The nature of culture: Technological variation in chimpanzee predation on army ants revisited

Schoening, C. and Humle, Tatyana and Moebius, Yasmin and McGrew, William C. (2008) The nature of culture: Technological variation in chimpanzee predation on army ants revisited. Journal of Human Evolution, 55 (1). pp. 48-59. ISSN 0047-2484. (doi:https://doi.org/10.1016/j.jhevol.2007.12.002) (Access to this publication is currently restricted. You may be able to access a copy if URLs are provided)

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Abstract

Chimpanzee (Pan troglodytes) predation on army ants (Dorylus, subgenus Anomma) is an impressive example of skillful use of elementary technology, and it has been suggested to reflect cultural differences among chimpanzee communities. Alternatively, the observed geographic diversity in army-ant-eating may represent local behavioral responses of the chimpanzees to the anti-predator traits of the army ant species present at the different sites. We examined assemblages of available prey species, their behavior and morphology, consumption by chimpanzees, techniques employed, and tool lengths at 14 sites in eastern, central, and western Africa. Where army ants are eaten, tool length and concomitant technique are a function of prey type. Epigaeically foraging species with aggressive workers that inflict painful bites are harvested with longer tools and usually by the "pull-through" technique; species foraging in leaf-litter with less aggressive workers that inflict less painful bites are harvested with short tools and by the "direct-mouthing" technique. However, prey species characteristics do not explain several differences in army-ant-eating between Bossou (Guinea) and Tai (Ivory Coast), where the same suite of prey species is available and is consumed. Moreover, the absence of army-ant-eating at five sites cannot be explained by the identity of available prey species, as all the species found at these sites are eaten elsewhere. We conclude that some of the observed variation in the predator-prey relationship of chimpanzees and army ants reflects environmental influences driven by the prey, while other variation is not linked to prey characteristics and may be solely sociocultural.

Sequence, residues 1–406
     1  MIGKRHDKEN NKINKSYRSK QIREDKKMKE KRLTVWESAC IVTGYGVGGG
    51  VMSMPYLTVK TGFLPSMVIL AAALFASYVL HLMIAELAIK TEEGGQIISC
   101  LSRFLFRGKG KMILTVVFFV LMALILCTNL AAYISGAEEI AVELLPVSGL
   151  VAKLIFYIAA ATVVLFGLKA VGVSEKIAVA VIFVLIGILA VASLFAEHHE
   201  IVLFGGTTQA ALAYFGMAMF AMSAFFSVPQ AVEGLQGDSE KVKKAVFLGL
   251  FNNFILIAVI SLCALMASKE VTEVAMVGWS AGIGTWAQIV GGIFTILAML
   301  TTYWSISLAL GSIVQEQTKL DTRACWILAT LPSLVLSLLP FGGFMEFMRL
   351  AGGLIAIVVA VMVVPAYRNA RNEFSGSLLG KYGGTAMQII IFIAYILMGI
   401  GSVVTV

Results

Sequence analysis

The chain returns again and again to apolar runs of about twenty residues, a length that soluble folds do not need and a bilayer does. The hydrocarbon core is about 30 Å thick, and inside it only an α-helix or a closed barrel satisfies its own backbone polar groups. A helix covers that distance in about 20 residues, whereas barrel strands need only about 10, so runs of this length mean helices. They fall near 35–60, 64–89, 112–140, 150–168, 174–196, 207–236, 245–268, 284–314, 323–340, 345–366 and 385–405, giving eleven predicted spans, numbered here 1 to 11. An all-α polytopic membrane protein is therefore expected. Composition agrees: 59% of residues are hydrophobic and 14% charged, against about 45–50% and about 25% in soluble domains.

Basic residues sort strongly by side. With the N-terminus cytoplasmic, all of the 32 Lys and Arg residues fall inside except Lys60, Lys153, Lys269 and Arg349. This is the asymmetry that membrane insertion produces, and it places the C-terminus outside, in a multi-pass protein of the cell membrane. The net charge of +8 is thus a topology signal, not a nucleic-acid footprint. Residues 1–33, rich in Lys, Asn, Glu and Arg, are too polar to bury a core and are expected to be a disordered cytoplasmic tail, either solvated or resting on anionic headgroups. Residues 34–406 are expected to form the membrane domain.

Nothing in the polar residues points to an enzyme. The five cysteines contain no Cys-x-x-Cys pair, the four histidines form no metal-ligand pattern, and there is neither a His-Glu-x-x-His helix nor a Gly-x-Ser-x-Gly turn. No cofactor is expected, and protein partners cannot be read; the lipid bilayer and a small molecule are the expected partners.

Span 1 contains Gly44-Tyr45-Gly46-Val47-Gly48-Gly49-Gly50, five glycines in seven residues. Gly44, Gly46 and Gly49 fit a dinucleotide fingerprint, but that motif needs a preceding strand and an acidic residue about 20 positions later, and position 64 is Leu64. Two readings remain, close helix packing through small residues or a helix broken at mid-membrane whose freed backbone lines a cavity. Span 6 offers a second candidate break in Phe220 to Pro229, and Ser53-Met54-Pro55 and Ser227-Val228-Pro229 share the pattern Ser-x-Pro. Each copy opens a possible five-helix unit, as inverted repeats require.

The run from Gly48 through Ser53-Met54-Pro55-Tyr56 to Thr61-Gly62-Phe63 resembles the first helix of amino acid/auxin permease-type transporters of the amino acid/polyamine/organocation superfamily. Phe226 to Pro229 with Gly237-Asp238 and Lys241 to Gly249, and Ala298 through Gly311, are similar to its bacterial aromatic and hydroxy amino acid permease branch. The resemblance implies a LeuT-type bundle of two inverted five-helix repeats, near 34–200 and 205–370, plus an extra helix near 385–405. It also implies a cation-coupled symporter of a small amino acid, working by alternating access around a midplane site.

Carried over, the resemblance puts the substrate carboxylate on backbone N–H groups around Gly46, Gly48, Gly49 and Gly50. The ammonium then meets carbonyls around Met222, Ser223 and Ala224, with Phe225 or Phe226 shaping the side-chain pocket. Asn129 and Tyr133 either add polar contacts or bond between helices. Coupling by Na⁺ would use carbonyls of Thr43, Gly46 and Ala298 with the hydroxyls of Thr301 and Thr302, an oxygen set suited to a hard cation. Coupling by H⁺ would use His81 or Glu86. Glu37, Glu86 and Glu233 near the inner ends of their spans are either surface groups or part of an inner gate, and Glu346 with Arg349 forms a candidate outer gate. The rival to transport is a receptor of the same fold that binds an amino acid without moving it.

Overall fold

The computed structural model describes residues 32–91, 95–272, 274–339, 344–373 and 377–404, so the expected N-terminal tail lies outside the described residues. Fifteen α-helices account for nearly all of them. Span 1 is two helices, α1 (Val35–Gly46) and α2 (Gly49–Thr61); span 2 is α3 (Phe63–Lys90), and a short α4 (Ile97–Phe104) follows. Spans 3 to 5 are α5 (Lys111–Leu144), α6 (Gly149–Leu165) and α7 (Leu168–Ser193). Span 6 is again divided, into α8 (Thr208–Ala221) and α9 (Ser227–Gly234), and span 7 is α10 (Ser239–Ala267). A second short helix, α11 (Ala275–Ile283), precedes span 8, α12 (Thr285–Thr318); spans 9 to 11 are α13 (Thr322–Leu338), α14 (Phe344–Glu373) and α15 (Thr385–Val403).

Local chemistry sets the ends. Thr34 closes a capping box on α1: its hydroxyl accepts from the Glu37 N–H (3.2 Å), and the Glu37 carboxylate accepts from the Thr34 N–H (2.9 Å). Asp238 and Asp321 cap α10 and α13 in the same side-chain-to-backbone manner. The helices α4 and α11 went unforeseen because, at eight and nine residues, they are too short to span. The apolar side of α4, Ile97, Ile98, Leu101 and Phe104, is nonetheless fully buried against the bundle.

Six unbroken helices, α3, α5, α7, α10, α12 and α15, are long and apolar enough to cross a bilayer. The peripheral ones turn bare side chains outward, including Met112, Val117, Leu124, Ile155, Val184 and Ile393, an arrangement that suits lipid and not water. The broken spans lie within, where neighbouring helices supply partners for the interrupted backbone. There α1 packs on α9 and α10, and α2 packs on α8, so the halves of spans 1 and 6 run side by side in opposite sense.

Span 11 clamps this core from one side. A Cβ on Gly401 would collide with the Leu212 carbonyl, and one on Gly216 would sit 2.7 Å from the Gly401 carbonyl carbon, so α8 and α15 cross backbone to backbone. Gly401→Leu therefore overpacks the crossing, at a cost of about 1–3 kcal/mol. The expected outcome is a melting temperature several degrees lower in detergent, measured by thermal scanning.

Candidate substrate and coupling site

Item Type: Article
Uncontrolled keywords: Army ants, Chimpanzee, Culture, Insectivory, Predation, Tool use, antiparasite defense, behavioral response, insectivory, predation, predator-prey interaction, primate, technological change, tool use, Africa, animal, ant, appetite, article, classification, ecosystem, feeding behavior, geography, Pan troglodytes, physiology, predation, tool use, Africa, Animals, Ants, Appetitive Behavior, Ecosystem, Feeding Behavior, Geography, Pan troglodytes, Predatory Behavior, Tool Use Behavior, Africa, Bossou, Cote d'Ivoire, Guinea, Sub-Saharan Africa, West Africa, Anomma, Formicidae, Pan, Pan troglodytes
Subjects: B Philosophy. Psychology. Religion > BF Psychology
G Geography. Anthropology. Recreation > GN Anthropology
Q Science > QH Natural history > QH541 Ecology
Q Science > QL Zoology
Divisions: Faculties > Social Sciences > School of Anthropology and Conservation
Faculties > Social Sciences > School of Anthropology and Conservation > Biological Anthropology
Faculties > Social Sciences > School of Anthropology and Conservation > DICE (Durrell Institute of Conservation and Ecology)
Depositing User: Tatyana Humle
Date Deposited: 04 Apr 2014 14:27 UTC
Last Modified: 26 Apr 2018 10:03 UTC
Resource URI: https://kar.kent.ac.uk/id/eprint/38034 (The current URI for this page, for reference purposes)
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